SOFTKETEERS, INC., a California corporation, Plaintiff-Appellee, v. REGAL WEST CORPORATION, dba Regal Logistics, a Washington corporation; et al., Defendants-Appellants.
Decided: December 16, 2019
Before: FARRIS, McKEOWN, and PARKER,* Circuit Judges.
Michael I. Katz, Esquire, Attorney, Maschoff Brennan, Irvine, CA, Lannie Rex Sears, Attorney, Maschoff Brennan, Salt Lake City, UT, for Plaintiff-Appellee Mary Hallerman, Sarah Hogarth, Nicole M. Jantzi, Paul M. Schoenhard, Attorney, McDermott Will & Emery LLP, Washington, DC, Ellie Hourizadeh, U.S. Attorney, McDermott Will & Emery LLP, Los Angeles, CA, for Defendants-Appellants
Regal West Corporation (“Regal”) appeals from the district court's order granting Softketeers, Inc.’s (“Softketeers”) motion for a preliminary injunction in its action for copyright infringement and misappropriation of trade secrets. The parties are familiar with the facts, so we do not repeat them here.
We review a district court's order granting a motion for a preliminary injunction for abuse of discretion. adidas Am., Inc. v. Skechers USA, Inc., 890 F.3d 747, 753 (9th Cir. 2018). We have jurisdiction under 28 U.S.C. § 1292(a)(1), and we affirm in part and remand in part.
A motion for a preliminary injunction is governed by the multi-factor test outlined by the Supreme Court in Winter v. Natural Resources Defense Council, Inc., 555 U.S. 7, 20, 129 S.Ct. 365, 172 L.Ed.2d 249 (2008). Under the Winter test, the plaintiff has the burden to establish: (1) likelihood of success on the merits, (2) that the plaintiff is likely to suffer irreparable harm if the preliminary injunction is not granted, (3) that the balance of equities favors the plaintiff, and (4) that the injunction is in the public interest. Id.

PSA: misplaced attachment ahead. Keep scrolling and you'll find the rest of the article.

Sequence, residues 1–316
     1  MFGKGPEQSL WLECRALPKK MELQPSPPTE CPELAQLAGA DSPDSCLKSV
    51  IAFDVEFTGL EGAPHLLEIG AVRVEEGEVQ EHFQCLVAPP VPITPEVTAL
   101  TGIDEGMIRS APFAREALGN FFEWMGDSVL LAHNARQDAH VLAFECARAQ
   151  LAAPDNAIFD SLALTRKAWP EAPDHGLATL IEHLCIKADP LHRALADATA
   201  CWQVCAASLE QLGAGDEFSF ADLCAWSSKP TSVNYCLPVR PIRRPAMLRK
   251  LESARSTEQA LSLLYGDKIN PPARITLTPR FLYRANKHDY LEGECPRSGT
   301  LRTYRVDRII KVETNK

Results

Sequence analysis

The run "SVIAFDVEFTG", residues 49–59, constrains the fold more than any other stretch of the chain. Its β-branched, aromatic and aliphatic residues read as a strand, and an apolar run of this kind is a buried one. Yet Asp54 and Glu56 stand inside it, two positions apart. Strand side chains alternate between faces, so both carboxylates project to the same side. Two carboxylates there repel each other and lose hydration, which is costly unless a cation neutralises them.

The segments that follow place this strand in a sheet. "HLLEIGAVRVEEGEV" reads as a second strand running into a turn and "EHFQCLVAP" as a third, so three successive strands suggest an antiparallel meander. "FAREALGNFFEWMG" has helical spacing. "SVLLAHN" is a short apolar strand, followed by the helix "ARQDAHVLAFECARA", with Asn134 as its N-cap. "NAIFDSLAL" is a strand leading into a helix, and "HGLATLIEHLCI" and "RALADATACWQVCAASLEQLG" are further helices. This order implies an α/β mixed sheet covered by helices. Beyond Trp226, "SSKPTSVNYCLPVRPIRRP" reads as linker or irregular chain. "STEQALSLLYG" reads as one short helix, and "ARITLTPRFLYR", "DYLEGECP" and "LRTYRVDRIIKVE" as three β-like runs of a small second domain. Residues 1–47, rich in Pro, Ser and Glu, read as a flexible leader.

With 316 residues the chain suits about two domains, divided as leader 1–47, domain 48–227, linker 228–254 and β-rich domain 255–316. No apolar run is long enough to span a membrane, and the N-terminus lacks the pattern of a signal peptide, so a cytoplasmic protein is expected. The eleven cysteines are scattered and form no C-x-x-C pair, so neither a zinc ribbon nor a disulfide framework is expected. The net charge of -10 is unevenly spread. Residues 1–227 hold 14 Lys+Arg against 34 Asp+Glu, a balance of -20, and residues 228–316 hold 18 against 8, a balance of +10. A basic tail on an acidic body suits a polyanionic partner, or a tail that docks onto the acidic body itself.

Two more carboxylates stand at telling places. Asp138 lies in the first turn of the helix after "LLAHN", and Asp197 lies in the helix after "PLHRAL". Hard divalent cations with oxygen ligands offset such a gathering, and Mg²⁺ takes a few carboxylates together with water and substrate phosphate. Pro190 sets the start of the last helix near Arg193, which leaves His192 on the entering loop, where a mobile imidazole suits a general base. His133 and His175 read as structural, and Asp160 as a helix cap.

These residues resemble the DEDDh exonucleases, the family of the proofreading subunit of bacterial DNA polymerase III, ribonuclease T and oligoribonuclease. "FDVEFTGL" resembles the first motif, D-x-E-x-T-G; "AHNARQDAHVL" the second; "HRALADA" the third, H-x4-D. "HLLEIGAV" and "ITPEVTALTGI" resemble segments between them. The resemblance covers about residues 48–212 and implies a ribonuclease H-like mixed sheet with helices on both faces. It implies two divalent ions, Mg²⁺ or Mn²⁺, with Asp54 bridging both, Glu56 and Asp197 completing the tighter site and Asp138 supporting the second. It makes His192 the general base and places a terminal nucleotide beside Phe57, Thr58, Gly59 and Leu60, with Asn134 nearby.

Applying the Winter factors, the district court did not abuse its discretion in granting Softketeers's motion for a preliminary injunction. The court concluded that, on the record before it, Softketeers had established a likelihood that it would succeed on its copyright and misappropriation of trade secrets claims, that it would likely suffer irreparable harm absent a preliminary injunction, that the balance of equities favored Softketeers, and that the injunction was in the public interest.
The district court also did not abuse its discretion by issuing the preliminary injunction without an evidentiary hearing. In our circuit, there is no presumption that the issuance of a preliminary injunction requires an evidentiary hearing. See Int'l Molders’ & Allied Workers’ Local Union v. Nelson, 799 F.2d 547, 555 (9th Cir. 1986).
We remand to the district court the issue of the bond imposed in conjunction with the preliminary injunction. Federal Rule of Civil Procedure 65(c) allows the district court to require a party to post “security in an amount that the court considers proper to pay the costs and damages sustained by any party found to have been wrongfully enjoined or restrained.” After considering the dispute between the parties as to the potential costs and damages of a wrongful injunction, the district court imposed a bond of $75,000. However, the district court did not provide a rationale for this low bond. We remand to the district court to provide a reason why it arrived at that figure and, if appropriate, reconsider the amount of the bond.
AFFIRMED IN PART AND REMANDED IN PART.
Each party shall pay its own costs on appeal.
Was this helpful?
Response sent, thank you
Welcome to FindLaw's Cases & Codes
A free source of state and federal court opinions, state laws, and the United States Code. For more information about the legal concepts addressed by these cases and statutes visit FindLaw's Learn About the Law.